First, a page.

India and the BRICS: Global Bandwagoning and Regional Balancing

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Abstract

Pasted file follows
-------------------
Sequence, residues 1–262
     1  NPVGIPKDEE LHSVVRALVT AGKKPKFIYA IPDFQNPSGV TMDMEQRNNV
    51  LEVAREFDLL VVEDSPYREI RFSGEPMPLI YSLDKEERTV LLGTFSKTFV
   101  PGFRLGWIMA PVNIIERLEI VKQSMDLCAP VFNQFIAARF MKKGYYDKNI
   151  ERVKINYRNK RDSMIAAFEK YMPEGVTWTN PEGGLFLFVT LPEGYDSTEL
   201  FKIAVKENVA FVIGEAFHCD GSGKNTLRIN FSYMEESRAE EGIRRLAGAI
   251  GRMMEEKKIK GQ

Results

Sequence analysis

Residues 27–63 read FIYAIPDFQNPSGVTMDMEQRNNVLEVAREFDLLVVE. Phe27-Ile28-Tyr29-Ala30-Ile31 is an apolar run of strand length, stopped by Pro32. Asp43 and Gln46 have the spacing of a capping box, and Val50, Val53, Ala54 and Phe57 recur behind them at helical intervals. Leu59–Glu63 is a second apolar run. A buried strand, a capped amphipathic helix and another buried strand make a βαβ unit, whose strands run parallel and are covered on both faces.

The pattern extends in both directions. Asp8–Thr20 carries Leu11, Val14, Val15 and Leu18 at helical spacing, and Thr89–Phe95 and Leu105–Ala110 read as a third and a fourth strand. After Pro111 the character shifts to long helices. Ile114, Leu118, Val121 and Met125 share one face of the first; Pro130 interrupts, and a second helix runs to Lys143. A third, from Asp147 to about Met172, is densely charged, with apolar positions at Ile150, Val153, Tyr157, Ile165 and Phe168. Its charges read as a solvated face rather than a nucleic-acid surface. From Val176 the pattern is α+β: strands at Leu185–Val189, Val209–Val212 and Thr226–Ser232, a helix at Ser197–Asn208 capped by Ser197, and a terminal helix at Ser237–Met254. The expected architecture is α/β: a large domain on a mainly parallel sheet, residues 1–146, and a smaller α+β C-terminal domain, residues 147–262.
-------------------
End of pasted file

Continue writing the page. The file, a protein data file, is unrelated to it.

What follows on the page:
Indian policy makers have welcomed India’s framing as a ‘rising power’ and celebrated the BRICS initiative as a common front in reforming aspects of global governance. Yet China’s rise in Asia has unsettled the balances of power which have underpinned the region, as a consequence of which India has hesitantly pursued a strategic rapprochement with the United States. Assessing New Delhi’s multilateral and geo-strategic diplomacy, this article argues that India bandwagons with the BRICS on a global level, but seeks to balance China at the regional level. On the global multilateral level, India has common cause with other rising powers in reforming the policies and structures of most international organizations. The exceptions are the United Nations Security Council and the Non-proliferation Treaty, where China and Russia can be qualified as established powers. On the regional level, however, India has maintained ties to Russia and cultivated a strong relationship with the United States in an effort to balance and increase leverage relative to a rising China. This underlines that major power rivalries are strongly mediated by issue area and institutional context.